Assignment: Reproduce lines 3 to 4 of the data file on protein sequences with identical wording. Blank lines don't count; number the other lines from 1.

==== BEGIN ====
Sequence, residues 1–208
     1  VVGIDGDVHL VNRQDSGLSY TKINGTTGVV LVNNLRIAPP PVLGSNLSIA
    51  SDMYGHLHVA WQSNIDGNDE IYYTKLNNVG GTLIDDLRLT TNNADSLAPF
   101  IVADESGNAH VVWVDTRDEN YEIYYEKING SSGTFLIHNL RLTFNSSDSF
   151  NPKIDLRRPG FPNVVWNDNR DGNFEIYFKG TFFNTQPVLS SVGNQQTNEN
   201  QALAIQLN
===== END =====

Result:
    51  SDMYGHLHVA WQSNIDGNDE IYYTKLNNVG GTLIDDLRLT TNNADSLAPF
   101  IVADESGNAH VVWVDTRDEN YEIYYEKING SSGTFLIHNL RLTFNSSDSF